Defending Rahm for all the wrong reasons
My colleague Jason Horowitz has an article today quoting a lot of different Democrats (both named and unnamed) who are defending Rahm Emanuel's strategic judgment. The problem, they say, is not that Rahm has exerted too much influence on the Obama administration, but too little (this is the case Dana Milbank made in a recent column).
The argument goes like this: "Emanuel is a force of political reason within the White House and could have helped the administration avoid its current bind if the president had heeded his advice on some of the most sensitive subjects of the year: health-care reform, jobs and trying alleged terrorists in civilian courts." That advice would've gone like this: Do less on health care, move to jobs earlier, don't try to close Guantanamo.
Though I'm an avowed defender of Rahm Emanuel's performance as chief of staff, I'd be calling for his head if he were calling these shots. This critique only makes sense if you think about the presidency in terms of poll numbers rather than problems. Health-care reform, for instance, is inches from passage. If not for Scott Brown's unexpected victory in Massachusetts, it would have passed weeks ago. We'd be on our way to implementing a bill that would cover 30 million Americans, completely reform the insurance market, make a serious start on cost control, end the days when sick people couldn't get health insurance, and create a new coverage infrastructure that could absorb the flood of refugees from the dying employer-based system. That deserves some weight in this discussion.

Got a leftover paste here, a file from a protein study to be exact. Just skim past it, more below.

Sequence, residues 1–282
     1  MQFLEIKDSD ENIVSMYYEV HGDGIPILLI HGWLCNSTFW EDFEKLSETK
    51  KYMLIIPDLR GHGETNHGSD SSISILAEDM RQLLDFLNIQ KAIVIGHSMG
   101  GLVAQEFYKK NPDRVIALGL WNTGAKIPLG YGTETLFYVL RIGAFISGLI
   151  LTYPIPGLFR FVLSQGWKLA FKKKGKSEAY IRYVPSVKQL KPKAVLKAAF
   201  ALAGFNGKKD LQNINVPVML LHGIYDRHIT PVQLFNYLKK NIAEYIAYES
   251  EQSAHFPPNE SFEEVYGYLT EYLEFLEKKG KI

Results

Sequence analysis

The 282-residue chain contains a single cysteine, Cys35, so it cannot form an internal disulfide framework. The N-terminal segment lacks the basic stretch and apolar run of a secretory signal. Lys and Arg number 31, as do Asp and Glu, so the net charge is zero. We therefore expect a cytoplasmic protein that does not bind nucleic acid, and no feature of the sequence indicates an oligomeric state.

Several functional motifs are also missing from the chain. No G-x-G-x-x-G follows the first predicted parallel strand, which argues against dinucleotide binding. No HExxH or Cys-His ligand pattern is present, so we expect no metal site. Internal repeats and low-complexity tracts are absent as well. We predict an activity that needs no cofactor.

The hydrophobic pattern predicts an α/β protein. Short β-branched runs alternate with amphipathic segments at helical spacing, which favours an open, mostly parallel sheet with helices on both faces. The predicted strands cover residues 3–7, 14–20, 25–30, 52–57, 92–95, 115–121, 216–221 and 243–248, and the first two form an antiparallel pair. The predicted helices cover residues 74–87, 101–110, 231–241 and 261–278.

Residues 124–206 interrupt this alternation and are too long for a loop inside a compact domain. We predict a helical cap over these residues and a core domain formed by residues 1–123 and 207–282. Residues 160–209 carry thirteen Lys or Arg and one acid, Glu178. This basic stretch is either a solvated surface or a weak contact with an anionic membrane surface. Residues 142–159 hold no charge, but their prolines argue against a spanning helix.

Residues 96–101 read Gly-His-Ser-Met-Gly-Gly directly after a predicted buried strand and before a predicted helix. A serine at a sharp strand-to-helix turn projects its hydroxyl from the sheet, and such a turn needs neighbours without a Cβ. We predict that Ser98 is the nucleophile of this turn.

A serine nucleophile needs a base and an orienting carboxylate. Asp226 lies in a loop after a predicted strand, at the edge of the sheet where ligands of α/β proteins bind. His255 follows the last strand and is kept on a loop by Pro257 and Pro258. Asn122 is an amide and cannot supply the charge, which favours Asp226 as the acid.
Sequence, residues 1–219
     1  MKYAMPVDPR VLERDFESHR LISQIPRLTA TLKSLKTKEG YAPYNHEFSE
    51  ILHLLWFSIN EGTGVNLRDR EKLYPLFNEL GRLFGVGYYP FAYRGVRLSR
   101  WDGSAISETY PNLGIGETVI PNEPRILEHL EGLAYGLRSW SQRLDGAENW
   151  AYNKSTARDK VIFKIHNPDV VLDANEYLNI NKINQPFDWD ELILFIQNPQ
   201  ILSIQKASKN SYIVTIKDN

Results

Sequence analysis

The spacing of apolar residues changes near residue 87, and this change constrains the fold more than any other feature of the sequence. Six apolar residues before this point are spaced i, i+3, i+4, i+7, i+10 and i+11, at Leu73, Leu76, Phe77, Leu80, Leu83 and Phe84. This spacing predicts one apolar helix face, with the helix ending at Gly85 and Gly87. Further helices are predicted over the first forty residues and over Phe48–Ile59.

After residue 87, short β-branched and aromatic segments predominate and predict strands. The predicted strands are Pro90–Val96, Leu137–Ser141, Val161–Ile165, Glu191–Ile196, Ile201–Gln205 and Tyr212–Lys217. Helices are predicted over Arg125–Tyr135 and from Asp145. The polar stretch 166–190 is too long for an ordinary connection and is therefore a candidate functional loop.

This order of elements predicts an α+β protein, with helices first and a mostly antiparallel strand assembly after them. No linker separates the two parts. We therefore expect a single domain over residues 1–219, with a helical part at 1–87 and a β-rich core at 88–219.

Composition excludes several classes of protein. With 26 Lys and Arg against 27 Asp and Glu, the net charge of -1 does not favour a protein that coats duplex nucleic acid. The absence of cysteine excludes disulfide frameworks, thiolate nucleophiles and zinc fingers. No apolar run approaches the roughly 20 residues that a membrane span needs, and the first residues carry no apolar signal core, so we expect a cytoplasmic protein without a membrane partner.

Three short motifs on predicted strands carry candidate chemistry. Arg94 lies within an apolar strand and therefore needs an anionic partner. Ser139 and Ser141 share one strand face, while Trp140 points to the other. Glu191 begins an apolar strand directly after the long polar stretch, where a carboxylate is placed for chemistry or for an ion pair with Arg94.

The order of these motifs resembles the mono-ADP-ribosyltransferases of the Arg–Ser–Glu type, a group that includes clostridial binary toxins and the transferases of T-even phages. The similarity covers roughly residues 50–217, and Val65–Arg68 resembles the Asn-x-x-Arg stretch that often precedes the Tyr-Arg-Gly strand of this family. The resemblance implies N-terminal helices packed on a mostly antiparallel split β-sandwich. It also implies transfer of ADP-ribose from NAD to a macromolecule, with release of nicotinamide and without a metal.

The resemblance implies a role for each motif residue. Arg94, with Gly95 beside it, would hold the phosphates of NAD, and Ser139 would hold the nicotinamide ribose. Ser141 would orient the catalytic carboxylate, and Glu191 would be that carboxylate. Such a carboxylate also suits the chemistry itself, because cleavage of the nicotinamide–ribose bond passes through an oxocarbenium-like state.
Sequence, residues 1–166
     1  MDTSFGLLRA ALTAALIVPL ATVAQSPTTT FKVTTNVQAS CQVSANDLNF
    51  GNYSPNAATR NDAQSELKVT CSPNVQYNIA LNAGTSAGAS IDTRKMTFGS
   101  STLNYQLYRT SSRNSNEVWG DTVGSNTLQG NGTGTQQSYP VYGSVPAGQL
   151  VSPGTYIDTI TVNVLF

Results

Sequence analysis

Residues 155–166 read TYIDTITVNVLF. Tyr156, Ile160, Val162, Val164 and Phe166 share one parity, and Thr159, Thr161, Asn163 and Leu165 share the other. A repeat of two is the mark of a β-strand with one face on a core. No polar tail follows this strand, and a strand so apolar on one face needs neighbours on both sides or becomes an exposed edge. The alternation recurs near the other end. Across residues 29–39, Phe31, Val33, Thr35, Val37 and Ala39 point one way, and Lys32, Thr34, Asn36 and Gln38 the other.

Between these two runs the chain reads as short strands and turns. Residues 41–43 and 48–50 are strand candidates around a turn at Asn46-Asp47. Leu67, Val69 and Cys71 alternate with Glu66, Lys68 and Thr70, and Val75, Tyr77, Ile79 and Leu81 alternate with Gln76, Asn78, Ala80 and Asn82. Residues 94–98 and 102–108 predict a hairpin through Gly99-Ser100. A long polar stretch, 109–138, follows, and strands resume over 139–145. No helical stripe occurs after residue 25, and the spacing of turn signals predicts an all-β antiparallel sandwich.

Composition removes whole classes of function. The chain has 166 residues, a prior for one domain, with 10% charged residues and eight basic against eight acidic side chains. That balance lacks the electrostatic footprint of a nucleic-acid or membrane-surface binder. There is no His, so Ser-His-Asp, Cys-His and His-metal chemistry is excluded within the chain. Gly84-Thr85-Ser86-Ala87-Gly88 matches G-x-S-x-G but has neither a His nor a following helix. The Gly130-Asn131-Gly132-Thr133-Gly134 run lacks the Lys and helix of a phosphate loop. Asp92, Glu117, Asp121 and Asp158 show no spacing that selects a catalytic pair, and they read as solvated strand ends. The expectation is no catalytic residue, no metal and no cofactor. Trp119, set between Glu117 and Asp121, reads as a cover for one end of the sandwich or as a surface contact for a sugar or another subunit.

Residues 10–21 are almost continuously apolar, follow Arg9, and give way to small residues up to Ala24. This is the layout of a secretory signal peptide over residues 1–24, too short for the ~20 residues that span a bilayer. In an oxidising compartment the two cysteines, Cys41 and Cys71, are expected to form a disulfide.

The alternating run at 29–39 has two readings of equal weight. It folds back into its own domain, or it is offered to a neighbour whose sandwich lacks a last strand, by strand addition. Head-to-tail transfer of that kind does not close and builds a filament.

Whether health-care reform passes, what's undeniably clear is that it could have passed. When you make a bet, some risk is acceptable. In fact, it's inevitable. As any poker player knows, the fact that you lost a hand doesn't mean you bet wrong. And so it is for health-care reform. If this bill had suffered the fate of Clinton's bill and never even made it to the floor, you could argue that it was a strategic miscalculation from the start. But we're talking about historic legislation that has, for the first time ever, passed both houses of Congress. That's not a strategic miscalculation. It's a tactical triumph. And insofar as Emanuel has, at times, been opposed to persevering on this effort, he's been wrong.
As for jobs, it's evidence of what a strange place Washington is that people think the country's economic anxiety could be alleviated if the president and his party just said the word "jobs" more often. The jobs issue is trouble for the Democrats because unemployment is nearly in the double digits. Unless they have a way to bring it down -- and, as of yet, they've not been willing to consider any secondary legislation of that size, or any pressure on the Federal Reserve -- the jobs issue will continue being a problem for Democrats. Only in Washington could anyone possibly believe that unemployment is properly a question of political communication rather than people not receiving a paycheck.
I'll stay out of the Guantanamo debate because I haven't been following it. But on the areas that I know well, the defense of Rahm favored by some Washington Democrats is evidence of everything that is wrong with Washington: It prizes politics rather than policy, and seems interested in the problems Americans are facing only insofar as those problems show up in the president's poll numbers. In this telling, the measure of Obama's success is not how much good he does for the country but how much good he does for congressional reelection campaigns. No wonder people hate this city.
Photo credit: Alex Brandon/AP.